A three-member delegation from the US Institute of Peace (USIP) held discussions with leaders of the ruling Awami League in Bangladesh, raising questions about the party’s relations with China and India.
The meeting took place at the political office of Awami League president Sheikh Hasina in Dhanmondi, Dhaka. The USIP delegation consisted of Geoffrey Macdonald, an expert on South Asia, Dan Markey, a senior adviser, and Isha Gupta, a research analyst.
The talks encompassed various topics, including Bangladesh’s foreign policy and its role in the context of the ongoing political crisis in the region. The USIP delegates sought insights into Awami League’s relations with India and China, as well as the government’s connections with other South Asian countries. Awami League’s international affairs secretary, Shammi Ahmed, emphasized that Bangladesh’s foreign policy is rooted in the principle of friendship with all and malice towards none, a legacy from the country’s founding leader, Sheikh Mujibur Rahman.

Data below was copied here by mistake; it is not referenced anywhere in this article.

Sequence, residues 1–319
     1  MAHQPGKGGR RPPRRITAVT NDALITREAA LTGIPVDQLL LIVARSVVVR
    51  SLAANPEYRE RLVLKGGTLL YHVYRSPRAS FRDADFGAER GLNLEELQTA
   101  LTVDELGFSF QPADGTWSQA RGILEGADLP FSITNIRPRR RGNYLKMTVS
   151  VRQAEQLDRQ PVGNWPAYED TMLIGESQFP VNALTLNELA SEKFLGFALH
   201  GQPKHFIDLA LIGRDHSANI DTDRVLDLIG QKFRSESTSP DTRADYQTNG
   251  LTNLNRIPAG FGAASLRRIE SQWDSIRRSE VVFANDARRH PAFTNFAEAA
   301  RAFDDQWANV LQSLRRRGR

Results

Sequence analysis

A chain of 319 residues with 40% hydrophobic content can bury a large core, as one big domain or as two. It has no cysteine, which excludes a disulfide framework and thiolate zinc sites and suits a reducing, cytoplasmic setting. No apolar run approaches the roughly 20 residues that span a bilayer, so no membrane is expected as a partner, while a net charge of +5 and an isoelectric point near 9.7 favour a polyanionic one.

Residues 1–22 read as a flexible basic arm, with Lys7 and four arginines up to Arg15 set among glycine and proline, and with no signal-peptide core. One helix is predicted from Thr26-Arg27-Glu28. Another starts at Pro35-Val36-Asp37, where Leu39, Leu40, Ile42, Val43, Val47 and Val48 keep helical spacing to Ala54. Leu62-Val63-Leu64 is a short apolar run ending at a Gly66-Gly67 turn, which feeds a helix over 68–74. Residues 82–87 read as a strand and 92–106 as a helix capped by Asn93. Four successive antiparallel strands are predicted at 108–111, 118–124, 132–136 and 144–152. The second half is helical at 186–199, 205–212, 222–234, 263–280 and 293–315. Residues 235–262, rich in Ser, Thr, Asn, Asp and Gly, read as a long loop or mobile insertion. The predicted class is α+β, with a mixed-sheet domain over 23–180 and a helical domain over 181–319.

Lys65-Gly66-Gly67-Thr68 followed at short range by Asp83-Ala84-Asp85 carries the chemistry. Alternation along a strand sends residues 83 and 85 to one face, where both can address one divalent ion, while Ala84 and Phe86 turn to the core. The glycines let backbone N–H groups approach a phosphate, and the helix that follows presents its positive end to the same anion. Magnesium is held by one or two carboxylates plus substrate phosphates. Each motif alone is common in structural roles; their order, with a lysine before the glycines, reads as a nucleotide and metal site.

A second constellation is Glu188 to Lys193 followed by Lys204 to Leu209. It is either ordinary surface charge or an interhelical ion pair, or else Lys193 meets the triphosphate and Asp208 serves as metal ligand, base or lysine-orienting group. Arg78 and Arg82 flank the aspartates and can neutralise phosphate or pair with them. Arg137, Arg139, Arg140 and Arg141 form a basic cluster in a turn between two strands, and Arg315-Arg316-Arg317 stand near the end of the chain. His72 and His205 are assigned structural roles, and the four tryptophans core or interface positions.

The discussions also touched on Bangladesh’s economic partnership with China, with the delegates recognizing China as an economic powerhouse. Regarding India, Awami League reiterated its regard for India as a tested friend, particularly for its support during the Bangladesh Liberation War in 1971. However, discussions about India’s internal affairs, such as the rise of Hinduism, were noted as a matter for the Indian people, and Awami League emphasized its non-interference in the internal affairs of other countries.